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The complex issue of chemicals and microplastic pollution: A case study in North Pacific lanternfish

Gassel, Margy, Rochman, Chelsea M.
Environmental pollution 2019 v.248 pp. 1000-1009
Myctophidae, aquatic food webs, bioaccumulation, bisphenol A, case studies, chemical pollutants, fish, laboratory experimentation, marine ecosystems, microplastics, nonylphenols, octylphenols, pesticides, pollution, polybrominated diphenyl ethers, polychlorinated biphenyls, Pacific Ocean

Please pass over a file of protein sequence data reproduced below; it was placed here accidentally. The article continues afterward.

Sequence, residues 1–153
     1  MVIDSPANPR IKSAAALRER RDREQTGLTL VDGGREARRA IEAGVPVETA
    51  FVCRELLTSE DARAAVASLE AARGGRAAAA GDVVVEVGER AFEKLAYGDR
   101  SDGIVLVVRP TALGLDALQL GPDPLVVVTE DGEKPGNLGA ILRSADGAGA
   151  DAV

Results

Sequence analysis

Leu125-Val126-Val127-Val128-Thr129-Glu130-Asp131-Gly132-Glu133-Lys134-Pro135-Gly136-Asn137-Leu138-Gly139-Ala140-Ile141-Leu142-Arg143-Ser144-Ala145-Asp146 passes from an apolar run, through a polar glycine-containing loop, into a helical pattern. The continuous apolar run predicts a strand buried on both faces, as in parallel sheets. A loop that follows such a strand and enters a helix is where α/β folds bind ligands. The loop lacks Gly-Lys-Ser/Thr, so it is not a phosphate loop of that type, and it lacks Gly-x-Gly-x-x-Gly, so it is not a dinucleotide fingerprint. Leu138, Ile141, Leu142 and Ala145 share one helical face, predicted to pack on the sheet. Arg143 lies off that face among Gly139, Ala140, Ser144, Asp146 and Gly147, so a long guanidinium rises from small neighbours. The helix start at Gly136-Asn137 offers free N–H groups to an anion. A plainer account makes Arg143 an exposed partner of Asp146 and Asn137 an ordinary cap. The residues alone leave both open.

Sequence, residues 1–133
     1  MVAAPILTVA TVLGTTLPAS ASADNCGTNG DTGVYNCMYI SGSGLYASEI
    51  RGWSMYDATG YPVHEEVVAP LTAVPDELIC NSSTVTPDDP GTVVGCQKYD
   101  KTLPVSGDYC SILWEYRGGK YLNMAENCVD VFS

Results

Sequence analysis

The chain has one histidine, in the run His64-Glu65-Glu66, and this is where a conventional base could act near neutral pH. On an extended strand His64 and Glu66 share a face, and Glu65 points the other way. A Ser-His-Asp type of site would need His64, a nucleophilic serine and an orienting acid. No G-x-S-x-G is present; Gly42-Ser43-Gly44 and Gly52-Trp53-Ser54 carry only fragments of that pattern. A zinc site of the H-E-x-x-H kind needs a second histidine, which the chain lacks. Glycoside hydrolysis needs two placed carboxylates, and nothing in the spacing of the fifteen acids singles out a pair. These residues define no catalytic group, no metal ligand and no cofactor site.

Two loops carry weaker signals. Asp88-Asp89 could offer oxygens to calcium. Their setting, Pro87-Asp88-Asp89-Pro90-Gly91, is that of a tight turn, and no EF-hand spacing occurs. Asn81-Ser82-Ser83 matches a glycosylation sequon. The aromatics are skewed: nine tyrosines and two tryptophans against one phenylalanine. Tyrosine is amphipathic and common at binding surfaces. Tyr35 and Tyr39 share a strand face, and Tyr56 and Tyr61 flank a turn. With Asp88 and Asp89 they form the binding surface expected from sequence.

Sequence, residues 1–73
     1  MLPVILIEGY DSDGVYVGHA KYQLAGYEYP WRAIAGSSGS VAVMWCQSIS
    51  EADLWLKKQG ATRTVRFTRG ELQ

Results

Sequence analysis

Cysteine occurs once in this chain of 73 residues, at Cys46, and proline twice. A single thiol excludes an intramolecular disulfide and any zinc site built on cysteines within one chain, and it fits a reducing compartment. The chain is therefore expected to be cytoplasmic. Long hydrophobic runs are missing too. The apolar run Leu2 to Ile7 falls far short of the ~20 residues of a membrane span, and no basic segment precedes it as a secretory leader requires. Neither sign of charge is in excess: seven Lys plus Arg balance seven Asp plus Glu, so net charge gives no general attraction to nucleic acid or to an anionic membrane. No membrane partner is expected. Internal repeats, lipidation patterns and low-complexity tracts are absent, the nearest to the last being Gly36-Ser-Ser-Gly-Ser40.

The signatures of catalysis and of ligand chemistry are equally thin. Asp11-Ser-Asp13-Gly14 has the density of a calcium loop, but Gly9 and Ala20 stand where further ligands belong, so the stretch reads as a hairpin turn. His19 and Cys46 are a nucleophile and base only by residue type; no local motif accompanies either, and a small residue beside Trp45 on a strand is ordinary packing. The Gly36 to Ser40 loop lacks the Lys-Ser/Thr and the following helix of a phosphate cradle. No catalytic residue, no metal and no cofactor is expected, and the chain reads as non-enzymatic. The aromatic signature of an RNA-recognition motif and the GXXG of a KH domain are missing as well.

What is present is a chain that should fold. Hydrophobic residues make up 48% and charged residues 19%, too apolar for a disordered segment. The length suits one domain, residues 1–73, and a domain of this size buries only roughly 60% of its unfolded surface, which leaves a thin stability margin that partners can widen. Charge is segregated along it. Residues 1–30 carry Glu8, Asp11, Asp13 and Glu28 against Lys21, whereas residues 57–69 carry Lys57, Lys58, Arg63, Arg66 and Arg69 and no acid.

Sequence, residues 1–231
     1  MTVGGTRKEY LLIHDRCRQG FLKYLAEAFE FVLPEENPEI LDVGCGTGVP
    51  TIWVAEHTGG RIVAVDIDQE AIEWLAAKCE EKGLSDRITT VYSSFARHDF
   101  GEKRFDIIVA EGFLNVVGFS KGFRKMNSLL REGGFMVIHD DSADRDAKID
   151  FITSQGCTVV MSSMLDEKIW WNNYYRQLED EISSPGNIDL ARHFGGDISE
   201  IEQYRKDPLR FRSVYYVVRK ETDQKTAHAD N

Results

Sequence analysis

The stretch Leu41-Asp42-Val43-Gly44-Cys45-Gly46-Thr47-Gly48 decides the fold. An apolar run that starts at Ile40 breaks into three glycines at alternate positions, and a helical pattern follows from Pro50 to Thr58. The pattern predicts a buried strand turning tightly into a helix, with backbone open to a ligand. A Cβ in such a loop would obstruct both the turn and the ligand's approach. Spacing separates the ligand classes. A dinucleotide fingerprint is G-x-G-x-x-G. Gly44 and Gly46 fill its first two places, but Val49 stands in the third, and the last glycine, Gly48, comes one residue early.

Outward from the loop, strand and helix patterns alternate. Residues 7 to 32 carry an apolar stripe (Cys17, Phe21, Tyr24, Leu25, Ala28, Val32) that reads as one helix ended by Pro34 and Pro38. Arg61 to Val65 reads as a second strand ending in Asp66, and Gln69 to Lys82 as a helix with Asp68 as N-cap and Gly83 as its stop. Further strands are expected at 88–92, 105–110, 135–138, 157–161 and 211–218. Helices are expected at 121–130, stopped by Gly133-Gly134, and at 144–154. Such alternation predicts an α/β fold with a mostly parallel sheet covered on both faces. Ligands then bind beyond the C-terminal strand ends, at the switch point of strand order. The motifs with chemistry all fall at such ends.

Marine plastic debris, including microplastics (<5 mm in size), comprises a suite of chemical ingredients and sorbed chemical contaminants. Thus, microplastics are a potential, and debated, source of anthropogenic chemicals for bioaccumulation and biomagnification. Several studies have investigated the role of microplastics as a vector of contaminants to marine organisms via modeling exercises, laboratory experiments, and field studies. Here, we examined relationships among chemical contaminants and microplastics in lanternfish (family Myctophidae), an important link in marine food webs, from the North Pacific Ocean as a case study from the field. We compared the body burden of several chemical groups (bisphenol A [BPA], nonylphenol [4-NP], octylphenol [4n-OP], alkylphenol ethoxylates [APEs], pesticides, polychlorinated biphenyls [PCBs], and polybrominated diphenyl ethers [PBDEs]) in fish caught within and outside the North Pacific Subtropical Gyre where plastic is known to accumulate. We also tested whether there was a relationship between chemical concentrations in fish and plastic density at each sampling location. Mean concentrations of common plastic constituents (BPA, 4-NP, 4n-OP, APEs, and total PBDEs) were comparable between myctophids collected within and outside the North Pacific Gyre. Pesticides were higher in lanternfish caught outside the gyre and were associated with lower plastic density. Total PCBs were also higher in fish outside the gyre. In contrast, lower chlorinated PCB congeners were higher in fish residing in the accumulation zone and were correlated with higher plastic density. This finding is consistent with other studies demonstrating an association between lower chlorinated PCBs and plastics in biota and suggests that microplastic may be a transport mechanism for some chemicals in nature.